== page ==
It took Terry’s death to make a difference

Sean O'Loughlin
Sean O'Loughlin
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WIGAN Warriors’ skipper Sean O’Loughlin has spoken movingly about the mental pressures of being a top rugby player.

This weekend’s Round 25 of the First Utility Super League is being dedicated to the charity State of Mind in an attempt to raise awareness of psychological problems in the sport.

More than 1,000 players, coaches and support staff from Super League and the Championships have attended sessions organised by State of Mind, which was established in 2011 in response to the tragic death of former Wigan and England hooker Terry Newton.

RFL welfare director Emma Rosewarne said: “No other sport in the UK has ever themed a round of fixtures for mental wellbeing.

“We are pleased to continue supporting the State of Mind programme and dedicating these matches highlights the important work that State of Mind does.

“It’s so important to raise awareness of the issues and encourage all communities to access the services available to them.”

Wigan take on Widnes tonight and ahead of that fixture, O’Loughlin has been talking about the issue of mental health.

He feels that being in good shape mentally is vitally important to any rugby league player and as well as helping with an individual’s life and general health, being mentally sharp can also improve on-field performance.

“It’s very important, both from a health and performance point of view,” he said.

“Having a clear mind, not being stressed about things and having a clear focus is massively important for your game.

“It’s like being prepared fitness-wise and physically, the mental side of things is up there and as important as that.”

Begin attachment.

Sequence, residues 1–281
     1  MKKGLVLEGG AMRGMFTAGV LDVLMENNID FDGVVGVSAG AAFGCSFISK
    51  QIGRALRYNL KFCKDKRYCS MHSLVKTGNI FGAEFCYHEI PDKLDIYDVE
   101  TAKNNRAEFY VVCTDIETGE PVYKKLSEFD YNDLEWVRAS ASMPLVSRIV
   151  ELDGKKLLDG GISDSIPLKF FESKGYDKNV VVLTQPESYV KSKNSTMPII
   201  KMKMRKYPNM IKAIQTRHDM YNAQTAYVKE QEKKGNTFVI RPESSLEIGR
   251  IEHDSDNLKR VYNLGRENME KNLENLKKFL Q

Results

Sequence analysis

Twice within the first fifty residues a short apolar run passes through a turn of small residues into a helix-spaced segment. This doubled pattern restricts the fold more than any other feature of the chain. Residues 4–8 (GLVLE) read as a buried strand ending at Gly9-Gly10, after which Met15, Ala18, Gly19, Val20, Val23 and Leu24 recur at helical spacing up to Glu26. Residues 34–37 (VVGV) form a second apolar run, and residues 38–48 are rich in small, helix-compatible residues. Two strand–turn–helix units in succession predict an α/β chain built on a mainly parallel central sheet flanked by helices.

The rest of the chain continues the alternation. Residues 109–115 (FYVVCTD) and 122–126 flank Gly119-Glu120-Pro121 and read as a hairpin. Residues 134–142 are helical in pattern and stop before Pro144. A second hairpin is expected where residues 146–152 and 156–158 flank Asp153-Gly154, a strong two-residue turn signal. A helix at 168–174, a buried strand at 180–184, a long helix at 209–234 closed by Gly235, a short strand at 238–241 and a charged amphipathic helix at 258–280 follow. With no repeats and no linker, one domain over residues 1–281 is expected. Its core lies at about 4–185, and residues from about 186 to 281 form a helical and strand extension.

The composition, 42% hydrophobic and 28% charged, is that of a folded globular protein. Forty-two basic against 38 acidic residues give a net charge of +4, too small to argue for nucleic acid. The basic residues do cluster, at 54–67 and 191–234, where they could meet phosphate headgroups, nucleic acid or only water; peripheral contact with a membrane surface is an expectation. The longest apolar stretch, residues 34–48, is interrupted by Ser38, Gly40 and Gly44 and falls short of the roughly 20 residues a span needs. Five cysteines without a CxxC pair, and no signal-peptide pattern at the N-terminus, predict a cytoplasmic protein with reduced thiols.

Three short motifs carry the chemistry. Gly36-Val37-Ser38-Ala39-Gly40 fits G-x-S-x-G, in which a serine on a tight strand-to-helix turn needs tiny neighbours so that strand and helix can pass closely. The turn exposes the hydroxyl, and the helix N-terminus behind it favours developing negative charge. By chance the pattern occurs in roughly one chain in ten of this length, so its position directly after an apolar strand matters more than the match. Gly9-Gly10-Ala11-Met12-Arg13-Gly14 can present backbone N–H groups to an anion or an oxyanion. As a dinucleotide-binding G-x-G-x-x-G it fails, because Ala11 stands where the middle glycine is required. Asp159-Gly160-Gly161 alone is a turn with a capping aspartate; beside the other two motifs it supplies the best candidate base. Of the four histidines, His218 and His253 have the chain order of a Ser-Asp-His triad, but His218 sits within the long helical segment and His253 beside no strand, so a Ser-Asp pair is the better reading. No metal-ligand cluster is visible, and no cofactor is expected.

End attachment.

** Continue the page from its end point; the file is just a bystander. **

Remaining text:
Staying mentally healthy can often come down to being able to speak to the right people when the pressure builds up, according to the Wigan star. Being able to balance rugby with other things in life, such as time away or hobbies, is also vital to players in his view.

“The most important thing is the people around you being able to talk about things,” he added.

“But also another huge one is the players and staff at the club. You spend a lot of time with the players you work with, your colleagues, and your coaches.

“We now have people in a support role at the club too.

“It’s important that when you need to get something off your chest, that there’s a network to go through, like the welfare manager at the club.

“Having a chat with them is really important, too.

“Rugby league’s a tough job, but it’s not just the time you spend at the club.

“You go away from that, and you’re thinking about your game, you’re thinking about whether you’ve played well, about your form and how to get better, all the time you’re away from the club.

“So having time with your family, just going out and doing something, hobbies, other forms of work, being able to do that is good.

“Constantly thinking about rugby becomes a bit of burden sometimes, so it’s good to go away and freshen up and come back the day after.

“Sometimes then the troubles you’ve had the day before don’t seem as bad when you’ve had a night’s sleep and you’ve had some time to think about things.”

O’Loughlin feels that any young player suffering with a psychological issue should take the important first step of telling someone about it.

Once they have done that, issues often begin to look a lot less clouded.

“I think the most important thing is to speak to people about it,” he said.

“Whether that’s someone at home, with your family, or another player or colleague, maybe a more senior player.

“Having someone who will lend you an ear is massive. You feel a lot better once you’ve spoken about it, and a problem doesn’t seem as bad.”

Danny Sculthorpe, a former player with Wigan, Wakefield, Huddersfield and Castleford who contemplated committing suicide after suffering a career-threatening injury in 2010, is part of a team that has travelled 10,000 miles so far to deliver its message.

Adrian Morley a State of Mind ambassador, said: “Unfortunately it took the tragic passing of Terry Newton for everyone to take on board that there could a problem for players and ex-players,” Morley said.

“There are a lot of issues which go on in rugby league which not many people know about, especially post-playing.

“I think it’s showing the way for other sports”

More information can be found on the website or on Twitter @SOMRugbyLeague.